“The eight finalists include Elizabeth Goldmeier, Yeshivat Akiva, Southfield, Michigan; Dovi Nadel, Yeshivat Akiva, Southfield, Michigan”

According to the Jewish Agency for Israel, it was the first time that two students from the same school finished among the eight finalists in the Hidon HaTanach competition, an academic decathlon where young men and women worldwide demonstrate their mastery of the Bible.

The next two rounds would decide who would win the coveted titles, “World master of the Bible and runner-up awardees.” Historically, these top places have been captured by Israeli students who, admittedly, enjoy “home court advantage.”

After a grueling round of 20 questions, delivered by Prime Minister Ehud Olmert, the names of the awardees were read.

“And this year’s second runner-up is Dovi Nadel, from Yeshivat Akiva in Southfield, Michigan.”

The young man walked to center stage and accepted his award, shyly acknowledging the thunderous applause. He was totally oblivious to the cheers of his bleary-eyed friends and classmates an ocean away – who watched the proceedings at 4 a.m. that morning. Dovi and Elizabeth had made history, and their friends could not be prouder.

It has been a long road for 15-year-old Dovi and 18-year-old Elizabeth. A year ago they bested some 400 contestants from across the United States, earning the privilege of representing their country at this year’s competition.

They spent the past year poring over hundreds of chapters of Biblical text under the guidance of their teacher and mentor, Rabbi Pinchas Amior. At the end of April, they flew to Israel as part of a group of 70 young scholars representing a diverse geographical and religious spectrum. A May 2 qualifying exam eliminated all but the 16 students who stood on the stage of the Jerusalem Theater on the anniversary of Israel’s 60th year of independence. They answered a battery of questions in a ceremony broadcast live on Israeli television.

Over approximately the past 40 years, the Hidon has become part of the national celebration of Israel’s independence. It is held from 11 a.m.-1 p.m., so Israeli families can enjoy the glittering, star-studded event before leaving for their barbecues in the parks – another Yom HaAtzmaut tradition. The event is coordinated jointly by the Ministry of Education and the IDF. What more appropriate way to celebrate Israel’s independence than by highlighting not only its military prowess, but its intellectual prowess, as well?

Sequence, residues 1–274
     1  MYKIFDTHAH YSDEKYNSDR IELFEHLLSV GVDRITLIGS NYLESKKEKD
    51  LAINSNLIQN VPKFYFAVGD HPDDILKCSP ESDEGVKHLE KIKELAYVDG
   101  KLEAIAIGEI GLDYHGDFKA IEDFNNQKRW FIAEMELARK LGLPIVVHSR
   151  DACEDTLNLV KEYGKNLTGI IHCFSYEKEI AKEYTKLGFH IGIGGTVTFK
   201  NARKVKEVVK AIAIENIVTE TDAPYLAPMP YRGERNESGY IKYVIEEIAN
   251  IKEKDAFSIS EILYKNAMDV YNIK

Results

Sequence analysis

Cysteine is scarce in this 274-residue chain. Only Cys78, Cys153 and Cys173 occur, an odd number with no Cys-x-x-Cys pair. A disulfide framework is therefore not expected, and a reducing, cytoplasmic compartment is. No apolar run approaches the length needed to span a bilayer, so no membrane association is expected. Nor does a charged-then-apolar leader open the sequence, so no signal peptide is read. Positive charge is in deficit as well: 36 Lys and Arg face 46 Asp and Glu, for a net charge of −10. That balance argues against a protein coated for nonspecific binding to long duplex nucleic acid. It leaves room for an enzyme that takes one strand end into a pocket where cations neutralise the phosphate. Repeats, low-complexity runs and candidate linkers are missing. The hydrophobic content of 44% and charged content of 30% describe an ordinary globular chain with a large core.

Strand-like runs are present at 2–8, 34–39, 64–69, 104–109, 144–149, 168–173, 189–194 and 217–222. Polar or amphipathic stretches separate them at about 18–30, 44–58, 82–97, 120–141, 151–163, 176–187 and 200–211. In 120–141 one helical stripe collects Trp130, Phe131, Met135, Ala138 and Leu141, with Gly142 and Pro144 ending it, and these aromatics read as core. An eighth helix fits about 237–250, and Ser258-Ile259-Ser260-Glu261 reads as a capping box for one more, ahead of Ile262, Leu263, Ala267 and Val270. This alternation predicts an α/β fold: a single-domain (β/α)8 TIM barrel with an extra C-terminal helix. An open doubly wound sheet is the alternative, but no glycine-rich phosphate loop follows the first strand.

At the opening of the Hidon, the TV moderator reminded the audience that when David Ben-Gurion, speaking before the Peel Commission, was asked to validate the claim of the Jewish people to the Land of Israel, he drew from his pocket a worn copy of the Tanach and announced, “Right here is our deed to this land!” Israel’s first prime minister, a secular Jew, understood that more than a shared history and common language, it is the Bible that defines and unites the Jewish people. This was clearly evident, as Jewish youth from every part of the world and from every point of the religious spectrum shared a platform and forged friendships that could otherwise never have come about.

“The most exciting part for me,” Elizabeth said, “was meeting kids from all over who loved Tanach as much as I do Boys and girls my age who spoke languages that I did not understand, but were fluent in the language of Torah.”

“It was like kibbutz galuyot, the ingathering of the exiles,” Dovi added. “You really sensed the shared heritage of our people – acheinu kol beit Yisrael. It took no time for all of us to feel like family.”

The televised final awards and presentation by Prime Minister Olmert can be viewed at www.inn.co.il/News/News.aspx/174822.